This morning, Governor Pawlenty announced a proposed constitutional amendment to limit state spending to the amount of revenues that were brought in the door during the previous two-year budget cycle. This proposal would limit the flexibility of policymakers to respond to changing circumstances and maintain funding for such areas as schools, health care and services that help the unemployed get back to work. And it also reacts to a non-issue in Minnesota – there is no taxpayer revolt or out-of-control spending in our state.
The exact language the Governor proposes: “Shall the Minnesota Constitution be amended to require that state government general fund expenditures be limited to the amount of actual general fund revenues received by the state in the previous two-year budget period?”
Governor Pawlenty immediately made clear that his proposal isn’t the Taxpayer’s Bill of Rights (TABOR), a tax and expenditure limiting proposal that has been circulating around the country. He’s right…it actually appears to be more strict in some ways. Tax and spending amendments like TABOR usually allow government expenditures to increase by some formula (usually inflation and population growth). Governor Pawlenty’s proposal wouldn’t allow any increase in spending until two years after the revenues increase. No increases. We collect $31 billion in FY 2010-11…we can only spend $31 billion in FY 2012-13.
What are the practical implications of his proposed amendment? Right now we are facing at least a $4 billion deficit for FY 2012-13. That assumes the state will be collecting a projected $34 billion in revenues in FY 2012-13. If the Governor’s constitutional amendment were in place, the state would only be allowed to the amount of revenues we collected in FY 2010-11 – about $31 billion. That would add an extra $3 billion to the $4 billion deficit – and suddenly policymakers would be forced to cut $7 billion from the state’s budget. $7 billion in budget cuts. On top of the painful cuts to services for the disabled, higher education, and health care that we saw in 2009. Policymakers would have to leave that extra $3 billion just sitting on the table until the FY 2014-15 biennium. Even if policymakers chose to raise revenues as part of a balanced approach to the budget shortfall, they would not be able to spend it until FY 2014-15.
Bottom line…this is a bad idea. The balance of revenues and expenditures in our state should not be rigidly set by the constitution because the economy, the population and other important aspects of our state are continually changing. Instead, Minnesota’s elected representatives must bear the responsibility of adjusting the balance of revenues and expenditures in response to an informed and public debate. A constitutionally-determined budget limit severely limits that debate and takes away the flexibility of future legislatures or local government officials to carry out their responsibility to react to unexpected circumstances and changing conditions and for the public to participate in the budgeting process. It is interesting the Governor is recommending this course just as he prepares to leave office – he would not have to govern under its arcane restrictions.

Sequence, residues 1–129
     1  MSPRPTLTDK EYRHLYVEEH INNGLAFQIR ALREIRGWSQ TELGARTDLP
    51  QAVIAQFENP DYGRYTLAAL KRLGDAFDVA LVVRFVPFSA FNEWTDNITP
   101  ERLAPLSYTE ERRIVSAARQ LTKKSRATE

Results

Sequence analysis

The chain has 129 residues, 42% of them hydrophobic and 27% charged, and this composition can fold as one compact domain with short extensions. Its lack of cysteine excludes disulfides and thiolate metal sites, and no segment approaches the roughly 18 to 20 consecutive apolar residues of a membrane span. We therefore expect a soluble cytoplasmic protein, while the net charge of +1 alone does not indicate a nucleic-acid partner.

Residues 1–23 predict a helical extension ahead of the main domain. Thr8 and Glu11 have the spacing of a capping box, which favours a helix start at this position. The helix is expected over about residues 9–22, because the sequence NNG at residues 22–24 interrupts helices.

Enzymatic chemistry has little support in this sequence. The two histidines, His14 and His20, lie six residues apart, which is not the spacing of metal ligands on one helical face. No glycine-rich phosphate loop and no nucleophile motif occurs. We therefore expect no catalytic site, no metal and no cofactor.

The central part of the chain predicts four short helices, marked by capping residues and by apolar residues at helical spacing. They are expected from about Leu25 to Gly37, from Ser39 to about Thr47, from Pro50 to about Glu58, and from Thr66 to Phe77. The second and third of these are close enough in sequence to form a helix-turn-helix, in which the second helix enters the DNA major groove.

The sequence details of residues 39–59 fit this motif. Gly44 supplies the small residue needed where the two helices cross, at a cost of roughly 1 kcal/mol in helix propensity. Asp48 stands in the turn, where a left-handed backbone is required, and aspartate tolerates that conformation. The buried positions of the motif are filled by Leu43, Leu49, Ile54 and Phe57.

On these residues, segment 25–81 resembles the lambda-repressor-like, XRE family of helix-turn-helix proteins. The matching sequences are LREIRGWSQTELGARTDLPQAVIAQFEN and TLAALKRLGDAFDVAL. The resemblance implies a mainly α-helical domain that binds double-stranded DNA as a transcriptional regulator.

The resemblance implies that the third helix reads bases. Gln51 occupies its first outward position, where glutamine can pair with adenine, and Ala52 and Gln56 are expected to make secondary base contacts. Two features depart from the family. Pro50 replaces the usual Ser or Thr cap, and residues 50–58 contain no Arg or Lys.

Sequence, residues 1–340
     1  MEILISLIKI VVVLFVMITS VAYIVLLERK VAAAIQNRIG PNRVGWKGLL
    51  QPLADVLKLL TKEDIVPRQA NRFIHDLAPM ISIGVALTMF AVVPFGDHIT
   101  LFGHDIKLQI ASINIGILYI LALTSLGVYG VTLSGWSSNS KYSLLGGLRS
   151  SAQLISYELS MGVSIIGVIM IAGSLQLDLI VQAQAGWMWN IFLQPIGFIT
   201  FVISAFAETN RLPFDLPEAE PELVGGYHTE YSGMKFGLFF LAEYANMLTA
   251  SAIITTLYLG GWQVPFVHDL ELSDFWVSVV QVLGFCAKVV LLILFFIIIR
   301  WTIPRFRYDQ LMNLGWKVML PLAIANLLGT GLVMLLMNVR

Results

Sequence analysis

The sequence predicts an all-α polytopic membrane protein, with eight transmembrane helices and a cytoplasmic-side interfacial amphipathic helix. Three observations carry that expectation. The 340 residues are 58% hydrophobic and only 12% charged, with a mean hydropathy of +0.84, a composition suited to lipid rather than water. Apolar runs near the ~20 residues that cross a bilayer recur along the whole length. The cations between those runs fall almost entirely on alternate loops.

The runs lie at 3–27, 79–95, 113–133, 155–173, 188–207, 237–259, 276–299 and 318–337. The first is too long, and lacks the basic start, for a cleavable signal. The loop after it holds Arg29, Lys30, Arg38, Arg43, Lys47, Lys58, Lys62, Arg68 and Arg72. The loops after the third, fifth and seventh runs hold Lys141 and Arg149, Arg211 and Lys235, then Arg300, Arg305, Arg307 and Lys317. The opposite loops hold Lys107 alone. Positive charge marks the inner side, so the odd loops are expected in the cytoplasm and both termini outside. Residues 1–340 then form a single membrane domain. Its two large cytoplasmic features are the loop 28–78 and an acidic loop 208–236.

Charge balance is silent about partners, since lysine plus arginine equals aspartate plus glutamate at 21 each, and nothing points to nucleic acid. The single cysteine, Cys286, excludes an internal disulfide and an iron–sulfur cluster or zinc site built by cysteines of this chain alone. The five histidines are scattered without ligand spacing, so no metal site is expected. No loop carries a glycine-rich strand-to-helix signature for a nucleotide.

Budget expenditure limits aren’t even popular anymore. The Governor says this isn’t TABOR, but it sure is TABOR-like. Colorado was the first to adopt TABOR back in 1992. It has also been the last state (plus, Colorado voters acted to lessen its restrictions in 2005). Tax and spending limit ballot initiatives were just rejected on Tuesday in both Maine (60 percent opposed it) and Washington (55 percent opposed it). So far, serious efforts to pass similar initiatives have failed in 20 states. Growth & Justice just posted a blog on the failure of TABOR.
And its unlikely to be popular with Minnesotans. In fact, Minnesota voters have recently demonstrated that they support tax increases when they are needed – note the recent successes just this week of school referenda.
Although the Governor may be proposing this amendment, in Minnesota, he actually plays no role in amending the state’s constitution. The only path to the ballot is through the legislature. A constitutional amendment must be approved by both bodies of the legislature, just like any other session law. The Governor, however, does not need to sign it and cannot veto it. Once it has been passed by the legislature, it is placed on the ballot during the next general election. In order to succeed, a constitutional amendment must be approved by a majority of those voting in the election (not just a majority of those who vote on the amendment).